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How do you put pigeons on the pill? Scientists test contraceptives to curb pest numbers
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How do you put pigeons on the pill? Scientists test contraceptives to curb pest numbers

The invention of the contraceptive pill heralded the sexual revolution of the 1960s, and now scientists are looking to revolutionise wildlife control by getting animals in on the action. Trials are under way in the UK and elsewhere in Europe of how to get contraceptives into pigeons, wild boar and grey squirrels, with scientists also proposingother rodents, invasive parakeets and deer as other target species.

As destruction from invasive and pest species grows, researchers are looking to fill special feeders and bait boxes with hazelnut spreads and grains laced with contraceptives. They believe this could be a more humane and effective way of controlling populations that have previously been poisoned, shot or trapped.

The aim is to find “creative solutions”, says Dr Giovanna Massei from York University: “The main message is that the economic and the environmental impact of wildlife are increasing worldwide, and we are running out of options.

“Traditional methods such as culling are ineffective, can be inhumane, unsustainable, environmentally harmful, and are increasingly opposed by the public,” she says.

A wild boar crosses a streetView image in fullscreen

Grey squirrels are a particular issue for the UK. These non-native animals were first introduced from the US to England in the 1800s as an ornamental species for stately homes. However, they spread widely, causing local extinctions of the native red squirrels and damaging woodlands by stripping bark.

The species is estimated to cost £37m a year in lost timber in England and Wales. Grey squirrels are seen as a bigger threat to broadleaf trees than deer and pathogens, according to a Royal Forestry Society survey.

Trials are under way to deliver oral contraceptives hidden in a hazelnut spread for squirrels in the UK, using specially weighted feeders that only grey squirrels can open (red squirrels are lighter, so the trap will not open for them). Preliminary results suggest the method is working.

Pigeons could be fed a “breakfast” of corn grains containing the contraceptive every morning, said Dr Marco Pellizzari, a veterinary consultant. “They really love to get that … It’s very easy,” he says.

In London, the non-native parakeet could also be a recipient, but it would mean asking residents who routinely feed them in their gardens to give them food with contraceptives in it.

Next week York University will host the first workshop on wildlife fertility control, where experts and researchers involved in the trials will discuss how to deliver contraceptives to pests – animals considered harmful to people, farming or native habitats.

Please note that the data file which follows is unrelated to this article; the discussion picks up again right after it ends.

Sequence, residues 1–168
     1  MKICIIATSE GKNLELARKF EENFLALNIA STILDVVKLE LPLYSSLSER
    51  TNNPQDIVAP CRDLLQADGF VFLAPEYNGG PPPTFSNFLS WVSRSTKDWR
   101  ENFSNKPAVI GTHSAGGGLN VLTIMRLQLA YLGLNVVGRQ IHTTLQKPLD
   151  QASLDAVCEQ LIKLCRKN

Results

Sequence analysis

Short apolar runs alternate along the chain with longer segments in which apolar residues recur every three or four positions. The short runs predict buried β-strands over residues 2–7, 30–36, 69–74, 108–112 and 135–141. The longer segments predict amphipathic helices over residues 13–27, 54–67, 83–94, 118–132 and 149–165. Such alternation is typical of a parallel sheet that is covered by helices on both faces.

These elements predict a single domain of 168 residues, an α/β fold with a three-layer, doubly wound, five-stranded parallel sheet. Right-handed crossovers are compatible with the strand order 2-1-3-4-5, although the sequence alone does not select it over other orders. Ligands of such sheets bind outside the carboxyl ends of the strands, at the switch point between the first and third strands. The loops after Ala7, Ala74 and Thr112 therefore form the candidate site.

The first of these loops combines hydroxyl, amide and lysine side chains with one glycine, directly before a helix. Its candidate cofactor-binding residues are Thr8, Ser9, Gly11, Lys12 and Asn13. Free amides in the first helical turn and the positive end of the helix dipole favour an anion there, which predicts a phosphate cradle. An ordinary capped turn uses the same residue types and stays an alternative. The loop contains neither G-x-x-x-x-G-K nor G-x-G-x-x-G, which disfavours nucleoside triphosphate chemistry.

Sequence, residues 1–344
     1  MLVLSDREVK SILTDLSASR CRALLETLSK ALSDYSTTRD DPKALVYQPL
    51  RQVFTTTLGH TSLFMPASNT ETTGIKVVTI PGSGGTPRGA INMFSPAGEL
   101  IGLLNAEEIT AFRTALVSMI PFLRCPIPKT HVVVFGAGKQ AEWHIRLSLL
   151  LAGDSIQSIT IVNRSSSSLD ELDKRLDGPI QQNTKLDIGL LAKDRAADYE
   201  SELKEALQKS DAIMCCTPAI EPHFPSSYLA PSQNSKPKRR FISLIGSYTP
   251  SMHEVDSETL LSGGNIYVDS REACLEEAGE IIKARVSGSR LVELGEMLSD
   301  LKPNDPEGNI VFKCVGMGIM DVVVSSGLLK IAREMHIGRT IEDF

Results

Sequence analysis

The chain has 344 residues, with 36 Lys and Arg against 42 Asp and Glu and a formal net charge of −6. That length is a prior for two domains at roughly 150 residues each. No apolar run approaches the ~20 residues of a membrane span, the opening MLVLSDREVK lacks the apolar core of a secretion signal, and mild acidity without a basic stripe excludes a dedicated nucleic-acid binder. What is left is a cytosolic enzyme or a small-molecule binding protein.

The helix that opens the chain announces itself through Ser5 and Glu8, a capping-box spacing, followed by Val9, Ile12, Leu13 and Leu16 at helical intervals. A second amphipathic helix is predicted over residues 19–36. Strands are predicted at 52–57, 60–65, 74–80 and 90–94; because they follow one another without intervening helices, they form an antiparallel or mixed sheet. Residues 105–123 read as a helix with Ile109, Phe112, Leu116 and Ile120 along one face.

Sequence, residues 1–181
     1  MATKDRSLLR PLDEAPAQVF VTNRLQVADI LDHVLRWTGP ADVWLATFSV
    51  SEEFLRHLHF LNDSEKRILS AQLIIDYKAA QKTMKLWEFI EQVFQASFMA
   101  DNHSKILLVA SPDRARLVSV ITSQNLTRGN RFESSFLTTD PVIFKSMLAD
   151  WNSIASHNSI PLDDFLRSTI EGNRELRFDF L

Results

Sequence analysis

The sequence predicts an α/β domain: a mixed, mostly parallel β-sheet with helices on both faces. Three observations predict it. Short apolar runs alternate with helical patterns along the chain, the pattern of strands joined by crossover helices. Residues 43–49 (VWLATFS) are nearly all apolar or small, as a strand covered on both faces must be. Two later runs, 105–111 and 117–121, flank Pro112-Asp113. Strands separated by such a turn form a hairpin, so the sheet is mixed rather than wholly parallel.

Across continental Europe and Scandinavia, there has been a rapid increase in wild boars, with the rise in numbers believed to be linked to milder winters. Some consider them pests because they root up cropland, munch through rubbish and cause traffic accidents. Italian farmers’ associations say the wild boar population doubled from 500,000 in 2010 to one million by 2020.

In Germany and in France, more than half a million are shot every year, but numbers are increasing, and the number of people who want to hunt them is declining. Massei says culling is “clearly not controlling a number of these animals”.

A pilot programme is under way to look at giving them contraceptives using devices that only boar can lift up, using their burrowing snouts. The feeder works but the oral contraceptive has not yet been developed.

A fat grey squirrel sits on a house roof next to a hole where tiles are missingView image in fullscreen

Many countries are now banning the use of rodenticides because of their impact on other animals, including birds of prey, which have died from eating the poisoned carcasses.

The chemicals are also considered inhumane, as animals can suffer for several days after eating anticoagulants before they die. Glue traps have been banned in England, Scotland and Wales, and other sorts of live traps will probably be further regulated, according to Prof Steve Belmain, an ecologist from Greenwich University.

Yet rodents pose significant threats to agriculture, as well as transmitting diseases to livestock. “We don’t have many alternatives to lethal control. That’s where fertility control really could be a great opportunity to manage these things,” says Belmain.

Feral horses in the US are already on contraceptives, as well as African elephants outside Kruger national park, who are injected. The only contraceptive registered for use in Europe is nicarbazin, which is only allowed to be used on pigeons in a few countries such as Italy, Spain, Belgium and Austria.

Researchers are also looking into the possibility of giving deer contraception, but so far no orally administered one has been designed for grazing animals. Britain has more deer than at any point in the past 1,000 years, causing extensive damage to woodlands.

There is concern that using products based on synthetic hormones could result in oestrogenic chemicals getting into the environment, which has negative effects such as feminising male fish. It is also not known what the impacts would be on a predatory bird if it ate a rodent that had eaten a contraceptive. “We need to really understand these things as part of that regulatory process,” says Belmain.

Source: theguardian.com